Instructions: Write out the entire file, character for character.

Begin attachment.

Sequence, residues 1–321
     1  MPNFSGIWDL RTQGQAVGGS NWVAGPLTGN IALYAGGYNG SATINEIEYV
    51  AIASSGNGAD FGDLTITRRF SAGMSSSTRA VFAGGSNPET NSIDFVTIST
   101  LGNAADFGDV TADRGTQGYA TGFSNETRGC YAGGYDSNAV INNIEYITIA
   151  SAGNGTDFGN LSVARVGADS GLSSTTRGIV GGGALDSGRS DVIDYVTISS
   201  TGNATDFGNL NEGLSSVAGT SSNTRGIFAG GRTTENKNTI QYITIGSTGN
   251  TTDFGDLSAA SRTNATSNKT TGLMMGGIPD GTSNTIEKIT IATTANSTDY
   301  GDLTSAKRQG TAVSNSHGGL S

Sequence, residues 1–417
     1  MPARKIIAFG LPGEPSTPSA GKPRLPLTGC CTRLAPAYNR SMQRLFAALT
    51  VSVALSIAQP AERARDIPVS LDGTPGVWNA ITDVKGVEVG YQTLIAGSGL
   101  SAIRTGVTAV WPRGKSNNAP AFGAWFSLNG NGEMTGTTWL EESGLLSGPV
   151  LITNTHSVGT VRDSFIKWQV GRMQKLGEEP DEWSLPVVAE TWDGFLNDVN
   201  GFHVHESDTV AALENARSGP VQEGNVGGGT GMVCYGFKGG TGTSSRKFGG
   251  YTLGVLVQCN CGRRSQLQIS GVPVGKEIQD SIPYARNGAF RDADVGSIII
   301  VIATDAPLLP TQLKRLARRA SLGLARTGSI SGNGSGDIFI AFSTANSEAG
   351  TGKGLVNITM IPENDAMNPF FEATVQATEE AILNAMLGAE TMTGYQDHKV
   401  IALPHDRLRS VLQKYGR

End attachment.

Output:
Sequence, residues 1–321
     1  MPNFSGIWDL RTQGQAVGGS NWVAGPLTGN IALYAGGYNG SATINEIEYV
    51  AIASSGNGAD FGDLTITRRF SAGMSSSTRA VFAGGSNPET NSIDFVTIST
   101  LGNAADFGDV TADRGTQGYA TGFSNETRGC YAGGYDSNAV INNIEYITIA
   151  SAGNGTDFGN LSVARVGADS GLSSTTRGIV GGGALDSGRS DVIDYVTISS
   201  TGNATDFGNL NEGLSSVAGT SSNTRGIFAG GRTTENKNTI QYITIGSTGN
   251  TTDFGDLSAA SRTNATSNKT TGLMMGGIPD GTSNTIEKIT IATTANSTDY
   301  GDLTSAKRQG TAVSNSHGGL S

Sequence, residues 1–417
     1  MPARKIIAFG LPGEPSTPSA GKPRLPLTGC CTRLAPAYNR SMQRLFAALT
    51  VSVALSIAQP AERARDIPVS LDGTPGVWNA ITDVKGVEVG YQTLIAGSGL
   101  SAIRTGVTAV WPRGKSNNAP AFGAWFSLNG NGEMTGTTWL EESGLLSGPV
   151  LITNTHSVGT VRDSFIKWQV GRMQKLGEEP DEWSLPVVAE TWDGFLNDVN
   201  GFHVHESDTV AALENARSGP VQEGNVGGGT GMVCYGFKGG TGTSSRKFGG
   251  YTLGVLVQCN CGRRSQLQIS GVPVGKEIQD SIPYARNGAF RDADVGSIII
   301  VIATDAPLLP TQLKRLARRA SLGLARTGSI SGNGSGDIFI AFSTANSEAG
   351  TGKGLVNITM IPENDAMNPF FEATVQATEE AILNAMLGAE TMTGYQDHKV
   401  IALPHDRLRS VLQKYGR